In ‘Love Me’ by Gemma Weekes, you get to discover the story of this London girl named Eden, who’s in her mid-twenties, directionless and insecure. Eden is a girl who had the chance to fall in love with her best friend in her teenage years. Her family situation is not ideal, nor is her professional one. But when Zed comes back into her young adult life in London, that’s when you discover a whole other chapter (pun intended) to Eden’s story. I’m sure we can all agree that "a first love shouldn't bloom so fierce/It shouldn't be like a fist forever clutched around the heart muscle…". I won’t tell you that this is a boring love story because it’s not. I’m also not going to tell you that the story is just another piece of prose, because again, it’s not.
The author/poet from East London wrote this story using very simple and direct language. The story itself is poetic and the structure of the plot is only going to leave you wanting more. After you follow Eden’s adventures throughout the summer in New York, you’ll want to know what happens next.
I am aware that when people comment about a movie or a book, they will all say the same thing: ‘everyone can relate to the story…’. So, I’m going to tell you why it’s particularly the case here. I read the book when I was a bit down. As it always happens at some point, my love life pretty much sucked. When Zed came back in Eden’s life, after ten years, their history was explained, bit by bit. It helped me to accept the fact that at some point, that things will not work out and that’s alright. When my brain focused on the complexity and beauty of Eden’s life, let me tell you that I did feel better. Their story brought me comfort.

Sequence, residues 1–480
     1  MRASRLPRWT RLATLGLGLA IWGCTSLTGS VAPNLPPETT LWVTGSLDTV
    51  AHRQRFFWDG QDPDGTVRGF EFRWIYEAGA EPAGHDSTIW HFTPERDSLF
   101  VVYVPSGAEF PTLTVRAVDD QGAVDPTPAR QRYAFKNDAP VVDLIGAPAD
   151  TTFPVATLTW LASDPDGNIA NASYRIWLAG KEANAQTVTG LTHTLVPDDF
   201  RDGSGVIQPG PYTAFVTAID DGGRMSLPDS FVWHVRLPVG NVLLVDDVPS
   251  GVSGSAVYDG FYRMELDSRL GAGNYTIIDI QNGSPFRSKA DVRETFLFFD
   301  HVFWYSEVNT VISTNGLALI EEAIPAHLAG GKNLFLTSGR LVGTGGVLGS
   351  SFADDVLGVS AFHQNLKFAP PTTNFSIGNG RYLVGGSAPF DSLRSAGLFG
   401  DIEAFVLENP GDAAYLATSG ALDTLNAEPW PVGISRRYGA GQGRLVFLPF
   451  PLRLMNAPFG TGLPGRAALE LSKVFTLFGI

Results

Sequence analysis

At some point in our lives we feel lonely and have this feeling that we don’t control anything anymore. But even if Eden is a fictional character, it reminds you that life is not always going to be perfect. The best way to deal with it could be to talk about it with people you trust. You want to know another way? On a sleepless night, just take your blanket, lay down on the couch in your kitchen and read the book. It’s a great way to just move on.
I’m going to leave you with the words of F. Scott Fitzgerald which I believe resume the story: “And in the end, we were all just humans.. drunk on the idea that love, only love, could heal our brokenness.”
PS: when you’re reading the second part set in New York, listen to Fela Kuti.